to fraud” has occurred or where the subsidiary is “completely dominated and controlled
and being used as a shield for fraudulent or improper conduct.” DNM Systems Ltd. v. LockBlock Canada Ltd., 2015 B.C.S.C. 2014, para. 95; 1st Shot Fire Protection v. Paragon
Mechanical, 2016 B.C.P.C. 292 (CanLII), citing Transamerica Life Ins. Co. of Canada v.
The British Columbia Court of Appeal is the highest court in the province.
Canada Life Assurance Co. (1006), 1996 CanLII 7979 (on SC) at 433–34 (Gen. Div., aff’d
 O.J. No. 3754 (C.A. Ont.).
In this case, Plaintiff alleges, and Defendant does not dispute, that Defendant’s Vice
President and Chief Financial Officer signed the contract on Softcare’s behalf. (Compl. at
4, ECF No. 1). Furthermore, contrary to Defendant’s contention, the plain language of the
contract states that Defendant had the capacity to terminate Softcare and Defendant’s own
employees in connection with the contract transfer, so that Plaintiff could immediately
rehire the employees upon purchase. APA § 7.5, ECF No. 1, Ex. B. Defendant’s only
argument against these representations is that Softcare’s name, not Defendant’s, is on the
contract. (See Def.’s Br. at 3, ECF No. 4-1, citing APA at 1, ECF No. 1, Ex. B). Inherent
in a veil piercing analysis is that the court looks past the mere name or title of a company
to the actions of the parties and whether corporate formalities have been respected. B.G.
Preeco, 37 B.C.L.R. 2d 258, paras. 41–48. In this case, Plaintiff has alleged that Defendant
failed to respect corporate formalities between itself and Softcare by signing the APA on
Softcare’s behalf, and asserting its right to terminate Softcare’s employees as well as its
own. Accepting as true Plaintiff’s well-pleaded factual allegations, Plaintiff has plausibly
alleged that Defendant failed to respect corporate formalities between it and Softcare.
Therefore, piercing the corporate veil is appropriate for the purposes of this motion —
Defendant and Softcare are treated as common entities and Defendant may be held liable
to Plaintiff based on the APA. 3
As this is a motion to dismiss stage, the Court makes no affirmative findings and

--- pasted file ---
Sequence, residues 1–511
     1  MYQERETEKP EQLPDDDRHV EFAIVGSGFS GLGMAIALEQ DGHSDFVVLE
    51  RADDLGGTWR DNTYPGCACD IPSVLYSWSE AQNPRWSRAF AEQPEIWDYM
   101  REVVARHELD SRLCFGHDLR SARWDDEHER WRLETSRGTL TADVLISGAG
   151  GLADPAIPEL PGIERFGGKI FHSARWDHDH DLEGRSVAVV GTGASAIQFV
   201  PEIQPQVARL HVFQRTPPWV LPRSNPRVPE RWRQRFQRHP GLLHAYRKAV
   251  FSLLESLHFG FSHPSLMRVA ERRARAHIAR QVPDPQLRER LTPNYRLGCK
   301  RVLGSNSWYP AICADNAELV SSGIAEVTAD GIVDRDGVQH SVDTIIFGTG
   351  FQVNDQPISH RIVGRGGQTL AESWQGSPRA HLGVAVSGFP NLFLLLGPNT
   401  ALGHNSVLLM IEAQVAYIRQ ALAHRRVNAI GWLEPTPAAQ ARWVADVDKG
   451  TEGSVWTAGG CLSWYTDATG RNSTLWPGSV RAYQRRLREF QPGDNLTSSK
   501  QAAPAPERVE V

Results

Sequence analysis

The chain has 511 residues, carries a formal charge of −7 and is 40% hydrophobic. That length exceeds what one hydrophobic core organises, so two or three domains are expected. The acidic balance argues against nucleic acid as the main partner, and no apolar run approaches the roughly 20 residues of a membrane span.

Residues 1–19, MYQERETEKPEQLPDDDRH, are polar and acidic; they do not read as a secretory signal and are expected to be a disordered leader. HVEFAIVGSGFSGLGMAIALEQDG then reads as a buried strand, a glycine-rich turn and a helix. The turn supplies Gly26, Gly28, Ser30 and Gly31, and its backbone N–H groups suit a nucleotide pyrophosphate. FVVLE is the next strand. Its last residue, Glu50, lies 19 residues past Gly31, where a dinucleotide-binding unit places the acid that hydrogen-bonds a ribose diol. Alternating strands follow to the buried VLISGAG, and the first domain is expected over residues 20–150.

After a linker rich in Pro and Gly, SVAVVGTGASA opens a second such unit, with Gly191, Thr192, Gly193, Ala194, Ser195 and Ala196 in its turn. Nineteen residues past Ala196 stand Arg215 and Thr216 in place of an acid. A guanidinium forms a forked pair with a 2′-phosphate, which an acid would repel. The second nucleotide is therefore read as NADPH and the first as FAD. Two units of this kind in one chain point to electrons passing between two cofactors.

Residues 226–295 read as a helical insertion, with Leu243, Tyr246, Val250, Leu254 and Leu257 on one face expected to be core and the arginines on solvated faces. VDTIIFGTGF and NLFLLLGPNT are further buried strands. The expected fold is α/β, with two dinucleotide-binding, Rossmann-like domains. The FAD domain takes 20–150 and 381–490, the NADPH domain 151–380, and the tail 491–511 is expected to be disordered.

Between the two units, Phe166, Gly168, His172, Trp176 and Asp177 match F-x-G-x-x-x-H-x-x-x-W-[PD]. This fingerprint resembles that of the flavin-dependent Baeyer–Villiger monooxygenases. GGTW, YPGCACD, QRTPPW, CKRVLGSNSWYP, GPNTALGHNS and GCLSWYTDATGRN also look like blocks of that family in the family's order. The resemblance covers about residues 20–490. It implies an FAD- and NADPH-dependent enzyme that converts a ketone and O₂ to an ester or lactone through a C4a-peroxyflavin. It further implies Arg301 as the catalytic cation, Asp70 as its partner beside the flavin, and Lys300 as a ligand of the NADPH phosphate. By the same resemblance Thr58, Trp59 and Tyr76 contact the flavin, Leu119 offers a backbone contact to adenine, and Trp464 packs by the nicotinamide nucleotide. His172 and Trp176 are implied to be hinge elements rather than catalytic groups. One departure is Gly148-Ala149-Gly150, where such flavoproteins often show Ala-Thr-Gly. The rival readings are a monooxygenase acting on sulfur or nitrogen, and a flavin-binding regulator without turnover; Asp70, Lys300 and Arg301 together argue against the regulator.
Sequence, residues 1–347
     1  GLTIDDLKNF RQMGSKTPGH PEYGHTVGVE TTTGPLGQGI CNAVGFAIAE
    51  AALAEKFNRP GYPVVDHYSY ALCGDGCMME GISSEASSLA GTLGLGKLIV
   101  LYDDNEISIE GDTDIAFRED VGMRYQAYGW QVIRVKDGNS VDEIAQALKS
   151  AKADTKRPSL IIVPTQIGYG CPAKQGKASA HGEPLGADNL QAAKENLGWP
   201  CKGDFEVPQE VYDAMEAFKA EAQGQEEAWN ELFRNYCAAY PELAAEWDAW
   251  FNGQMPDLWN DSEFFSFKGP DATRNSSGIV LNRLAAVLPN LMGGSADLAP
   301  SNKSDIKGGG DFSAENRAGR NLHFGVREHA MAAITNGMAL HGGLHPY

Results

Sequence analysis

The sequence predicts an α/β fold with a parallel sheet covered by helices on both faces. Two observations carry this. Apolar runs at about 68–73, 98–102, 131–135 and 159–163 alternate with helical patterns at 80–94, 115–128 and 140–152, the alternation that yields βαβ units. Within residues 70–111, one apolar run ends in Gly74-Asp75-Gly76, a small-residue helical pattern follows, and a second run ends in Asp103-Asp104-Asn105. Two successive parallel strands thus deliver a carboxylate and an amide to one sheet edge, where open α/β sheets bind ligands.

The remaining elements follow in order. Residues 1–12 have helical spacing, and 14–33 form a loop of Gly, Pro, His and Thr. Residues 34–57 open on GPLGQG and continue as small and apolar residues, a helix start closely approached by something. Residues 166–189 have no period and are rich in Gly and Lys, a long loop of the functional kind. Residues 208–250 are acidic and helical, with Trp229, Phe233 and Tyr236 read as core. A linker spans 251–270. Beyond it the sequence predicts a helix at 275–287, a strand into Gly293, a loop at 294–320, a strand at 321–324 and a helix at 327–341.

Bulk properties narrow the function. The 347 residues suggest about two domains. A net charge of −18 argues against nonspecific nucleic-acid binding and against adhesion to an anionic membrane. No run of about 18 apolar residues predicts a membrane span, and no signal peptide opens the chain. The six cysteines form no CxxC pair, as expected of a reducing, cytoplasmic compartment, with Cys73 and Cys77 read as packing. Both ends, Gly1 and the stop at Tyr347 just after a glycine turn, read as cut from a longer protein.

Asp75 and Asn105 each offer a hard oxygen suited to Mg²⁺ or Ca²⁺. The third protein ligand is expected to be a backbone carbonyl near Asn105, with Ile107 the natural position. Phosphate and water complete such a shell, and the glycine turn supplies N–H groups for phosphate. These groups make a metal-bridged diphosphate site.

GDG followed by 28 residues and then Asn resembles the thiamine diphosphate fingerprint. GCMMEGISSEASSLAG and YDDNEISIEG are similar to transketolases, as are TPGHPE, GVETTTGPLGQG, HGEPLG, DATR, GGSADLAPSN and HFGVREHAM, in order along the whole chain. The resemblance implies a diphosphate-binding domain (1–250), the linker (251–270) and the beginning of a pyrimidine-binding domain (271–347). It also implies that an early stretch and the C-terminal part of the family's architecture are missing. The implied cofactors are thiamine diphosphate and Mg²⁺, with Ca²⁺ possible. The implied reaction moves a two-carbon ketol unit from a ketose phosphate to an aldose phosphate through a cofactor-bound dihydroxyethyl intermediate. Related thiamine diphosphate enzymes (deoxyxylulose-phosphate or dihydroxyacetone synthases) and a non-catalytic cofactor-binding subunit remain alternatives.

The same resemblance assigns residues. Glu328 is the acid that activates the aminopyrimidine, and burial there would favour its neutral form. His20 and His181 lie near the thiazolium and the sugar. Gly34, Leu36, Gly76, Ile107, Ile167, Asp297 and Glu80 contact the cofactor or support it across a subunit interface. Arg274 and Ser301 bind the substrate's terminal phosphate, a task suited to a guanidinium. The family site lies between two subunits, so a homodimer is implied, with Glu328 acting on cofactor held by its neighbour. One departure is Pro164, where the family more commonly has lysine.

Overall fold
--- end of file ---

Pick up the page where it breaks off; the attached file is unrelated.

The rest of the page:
Defendant may raise this issue at a future date if facts are discovered that show it is not
proper to pierce the corporate veil.
Although I found that Plaintiff has sufficiently alleged facts to pierce the corporate
veil on this motion, such that Defendant can be held liable for the acts of Softcare, I decline
to address the remainder of Defendant’s arguments with regard to the dismissal of
Plaintiff’s substantive claims. This determination is based on the parties’ lack of briefing
and analyses as to the probative issue of which law governs Plaintiff’s claims. In their
briefs, the parties simply apply New Jersey law to Plaintiff’s claims. However, the
purchase agreement between Plaintiff and Softcare, as noted above, included a choice of
law provision which provides that British Columbia law applies to the contract. To the
extent Plaintiff’s causes of action against Defendant are contract-based claims, the parties
have not adequately addressed why the choice of law provision does not control here,
particularly since the parties have not contested the validity of that provision. To the extent
that the claims against Defendant are extraneous to the agreement, the parties have not
briefed which forum’s law applies. In other words, the parties have not engaged in a choice
of law analysis based on New Jersey’s rules. See Berg Chilling Systems, Inc. v. Hull Corp.,
435 F.3d 455, 462 (3d Cir. 2006) (finding that courts must apply New Jersey choice of law
rules when determining which substantive law governs the plaintiff’s claims). 4 Indeed,
there are three different competing forums in this case — New Jersey, Nevada and British
At step 1, the court assesses whether an “actual conflict” between the laws of the
potentially interested states pertaining to the dispute at hand exists. Id. (citation omitted).
If a conflict between the potentially applicable laws does not exist, the court is presented
with a false conflict, and the choice of law “inquiry is over.” Lebegern v. Forman, 471 F.3d
424, 428 (3d Cir. 2006). On the other hand, if there is an actual conflict between the states’
laws, the Court moves on to the second step of its analysis. At step 2, the court must
determine “which state has the most meaningful connections with and interests in the
transaction and the parties.” NL Industries, Inc. v. Commercial Union Ins. Co., 65 F.3d
314, 319 (3d Cir. 1995) (citing State Farm Mut. Auto. Ins. Co. v. Estate of Simmons, 84
N.J. 28 (1980)).
Columbia. Without a proper analysis by the parties, I cannot simply assume that New
Jersey law applies to Plaintiff’s claims, as apparently the parties do.
For the foregoing reasons, Defendant’s motion to dismiss is DENIED without
prejudice. Defendant may renew its motion to dismiss consistent with the dictates of this
Date: July 18, 2017
Freda L. Wolfson
FREDA L. WOLFSON, U.S.D.J.